Nicolai N. Petro
This is one of the lessons that Western policymakers can learn from Poroshenko's crushing defeat.
Petro Poroshenko's Nationalism Cost Him the Presidency
Petro Poroshenko lost the Ukrainian presidential elections by a larger margin than any candidate in the history of Ukraine. He won in only one region of the country. His opponent, a comedian with no political experience, received more votes than any candidate in Ukrainian history. Why, after five years of policies that had the full political and financial backing of the West, did the Ukrainian people reject him by a three-to-one margin?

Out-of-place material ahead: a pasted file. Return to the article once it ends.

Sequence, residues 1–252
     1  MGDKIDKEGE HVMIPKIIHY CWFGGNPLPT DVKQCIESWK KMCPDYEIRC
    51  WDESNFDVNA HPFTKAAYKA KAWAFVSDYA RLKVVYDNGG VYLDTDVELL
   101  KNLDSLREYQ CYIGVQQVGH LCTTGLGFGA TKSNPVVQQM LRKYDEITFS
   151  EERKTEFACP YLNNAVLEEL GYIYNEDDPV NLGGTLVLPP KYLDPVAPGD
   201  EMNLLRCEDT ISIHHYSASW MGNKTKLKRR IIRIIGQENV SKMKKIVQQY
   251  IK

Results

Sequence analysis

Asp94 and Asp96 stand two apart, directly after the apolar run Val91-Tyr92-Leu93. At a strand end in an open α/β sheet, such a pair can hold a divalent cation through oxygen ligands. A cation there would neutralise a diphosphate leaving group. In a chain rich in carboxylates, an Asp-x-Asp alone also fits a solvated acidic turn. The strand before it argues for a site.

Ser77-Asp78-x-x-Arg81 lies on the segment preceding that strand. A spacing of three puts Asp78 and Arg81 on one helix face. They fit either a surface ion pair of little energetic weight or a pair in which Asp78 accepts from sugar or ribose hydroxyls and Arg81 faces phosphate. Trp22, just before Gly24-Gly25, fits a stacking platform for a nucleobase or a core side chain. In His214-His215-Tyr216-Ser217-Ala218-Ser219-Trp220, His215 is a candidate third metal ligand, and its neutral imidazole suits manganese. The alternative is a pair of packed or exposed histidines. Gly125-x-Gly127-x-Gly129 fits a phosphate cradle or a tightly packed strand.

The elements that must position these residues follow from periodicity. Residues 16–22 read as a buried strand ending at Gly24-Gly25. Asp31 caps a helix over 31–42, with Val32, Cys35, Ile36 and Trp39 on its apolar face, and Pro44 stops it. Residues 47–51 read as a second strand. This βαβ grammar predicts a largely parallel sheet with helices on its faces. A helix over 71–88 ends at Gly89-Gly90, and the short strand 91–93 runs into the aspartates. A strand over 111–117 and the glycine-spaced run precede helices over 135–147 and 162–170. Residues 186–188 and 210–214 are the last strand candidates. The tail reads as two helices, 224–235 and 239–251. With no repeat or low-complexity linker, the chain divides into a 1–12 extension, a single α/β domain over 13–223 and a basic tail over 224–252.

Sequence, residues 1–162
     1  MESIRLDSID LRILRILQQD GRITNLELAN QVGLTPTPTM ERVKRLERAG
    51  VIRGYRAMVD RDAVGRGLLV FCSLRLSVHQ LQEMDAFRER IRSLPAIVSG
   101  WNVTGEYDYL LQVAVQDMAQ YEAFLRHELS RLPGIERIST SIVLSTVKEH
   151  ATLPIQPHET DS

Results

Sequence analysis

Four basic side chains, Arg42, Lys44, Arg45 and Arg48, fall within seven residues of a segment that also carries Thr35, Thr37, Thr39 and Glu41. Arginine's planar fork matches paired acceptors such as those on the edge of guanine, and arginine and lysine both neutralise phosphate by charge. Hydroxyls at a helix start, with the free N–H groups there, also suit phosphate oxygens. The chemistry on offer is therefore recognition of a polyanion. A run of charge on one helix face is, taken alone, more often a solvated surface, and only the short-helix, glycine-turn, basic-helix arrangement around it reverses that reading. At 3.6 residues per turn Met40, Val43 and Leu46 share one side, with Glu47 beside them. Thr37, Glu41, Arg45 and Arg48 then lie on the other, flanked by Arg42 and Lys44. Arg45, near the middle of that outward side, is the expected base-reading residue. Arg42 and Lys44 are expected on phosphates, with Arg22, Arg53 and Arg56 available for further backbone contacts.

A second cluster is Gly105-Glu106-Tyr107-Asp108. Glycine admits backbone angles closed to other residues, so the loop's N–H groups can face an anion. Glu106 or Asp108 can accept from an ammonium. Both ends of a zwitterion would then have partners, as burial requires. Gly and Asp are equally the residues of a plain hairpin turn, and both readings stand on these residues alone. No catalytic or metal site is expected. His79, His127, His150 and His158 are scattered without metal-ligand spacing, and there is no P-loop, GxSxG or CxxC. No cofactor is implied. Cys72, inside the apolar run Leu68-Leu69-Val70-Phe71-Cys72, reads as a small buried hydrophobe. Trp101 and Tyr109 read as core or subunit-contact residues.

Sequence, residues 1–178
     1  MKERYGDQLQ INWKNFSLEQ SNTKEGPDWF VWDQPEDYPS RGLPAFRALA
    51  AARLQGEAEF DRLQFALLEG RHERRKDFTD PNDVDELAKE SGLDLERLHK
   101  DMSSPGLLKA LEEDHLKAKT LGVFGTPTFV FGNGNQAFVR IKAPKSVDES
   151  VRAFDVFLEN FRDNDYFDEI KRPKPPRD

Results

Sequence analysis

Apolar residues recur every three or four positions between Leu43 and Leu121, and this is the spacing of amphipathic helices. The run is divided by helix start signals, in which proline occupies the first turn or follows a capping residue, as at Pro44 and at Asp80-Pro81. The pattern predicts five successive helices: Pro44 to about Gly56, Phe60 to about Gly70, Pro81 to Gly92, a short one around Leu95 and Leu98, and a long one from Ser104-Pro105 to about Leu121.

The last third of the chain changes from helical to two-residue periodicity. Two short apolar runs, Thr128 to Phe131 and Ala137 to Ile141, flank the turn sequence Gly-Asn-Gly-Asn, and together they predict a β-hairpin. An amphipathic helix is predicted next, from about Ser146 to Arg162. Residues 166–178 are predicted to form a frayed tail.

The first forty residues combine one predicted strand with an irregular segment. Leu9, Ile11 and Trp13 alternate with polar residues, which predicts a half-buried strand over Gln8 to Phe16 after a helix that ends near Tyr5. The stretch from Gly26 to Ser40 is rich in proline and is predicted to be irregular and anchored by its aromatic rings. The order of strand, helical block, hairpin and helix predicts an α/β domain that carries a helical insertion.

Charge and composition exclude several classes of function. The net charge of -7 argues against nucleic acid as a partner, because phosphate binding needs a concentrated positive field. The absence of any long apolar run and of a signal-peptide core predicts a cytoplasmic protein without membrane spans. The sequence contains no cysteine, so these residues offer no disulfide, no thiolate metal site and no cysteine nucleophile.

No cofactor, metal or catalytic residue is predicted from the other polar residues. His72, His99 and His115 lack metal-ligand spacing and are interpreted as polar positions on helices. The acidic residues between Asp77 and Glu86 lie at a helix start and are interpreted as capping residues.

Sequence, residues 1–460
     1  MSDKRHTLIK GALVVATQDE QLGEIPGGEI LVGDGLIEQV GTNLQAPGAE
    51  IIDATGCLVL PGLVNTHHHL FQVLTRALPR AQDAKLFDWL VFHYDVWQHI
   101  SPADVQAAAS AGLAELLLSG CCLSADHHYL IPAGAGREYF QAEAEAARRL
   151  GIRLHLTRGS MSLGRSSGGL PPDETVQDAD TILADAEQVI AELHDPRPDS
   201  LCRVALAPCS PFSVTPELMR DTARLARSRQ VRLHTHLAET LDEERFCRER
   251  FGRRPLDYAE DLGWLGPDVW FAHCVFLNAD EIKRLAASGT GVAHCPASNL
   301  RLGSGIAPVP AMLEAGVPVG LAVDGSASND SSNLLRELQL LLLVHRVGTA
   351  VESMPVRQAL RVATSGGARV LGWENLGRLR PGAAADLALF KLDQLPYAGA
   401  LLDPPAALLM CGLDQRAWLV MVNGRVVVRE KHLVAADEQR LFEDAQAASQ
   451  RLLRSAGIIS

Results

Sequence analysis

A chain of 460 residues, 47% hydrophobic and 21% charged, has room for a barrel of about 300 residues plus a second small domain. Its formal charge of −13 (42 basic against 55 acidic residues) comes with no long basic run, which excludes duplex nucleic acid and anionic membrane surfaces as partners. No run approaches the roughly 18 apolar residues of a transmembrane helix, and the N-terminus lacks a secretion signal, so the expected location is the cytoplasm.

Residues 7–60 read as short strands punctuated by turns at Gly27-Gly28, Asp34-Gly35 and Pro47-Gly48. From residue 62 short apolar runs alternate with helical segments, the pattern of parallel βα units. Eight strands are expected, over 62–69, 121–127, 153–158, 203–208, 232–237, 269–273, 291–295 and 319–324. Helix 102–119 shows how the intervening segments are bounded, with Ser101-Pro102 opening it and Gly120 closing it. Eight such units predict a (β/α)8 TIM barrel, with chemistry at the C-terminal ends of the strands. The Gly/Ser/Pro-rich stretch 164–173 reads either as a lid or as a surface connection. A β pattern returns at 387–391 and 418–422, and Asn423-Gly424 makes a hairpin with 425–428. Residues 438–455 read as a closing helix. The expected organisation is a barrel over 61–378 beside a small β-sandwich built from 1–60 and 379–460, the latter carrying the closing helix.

The answer lies in the anti-Russian policies that he and the Ukrainian parliament have pursued these past five years. These include restrictions on the usage of the Russian language, on travel to Russia, on trade with Russia, on any social contact with Russians, even those who clearly oppose Putin and support Ukraine. That there would be political blowback for this was entirely predictable, given that city dwellers in Ukraine more commonly speak Russian, and half of the country has relatives across the border. The writing was on the wall for Poroshenko when an annual poll earlier this year showed that popular sympathies for Russia among Ukrainians were now higher than at any point since May 2014.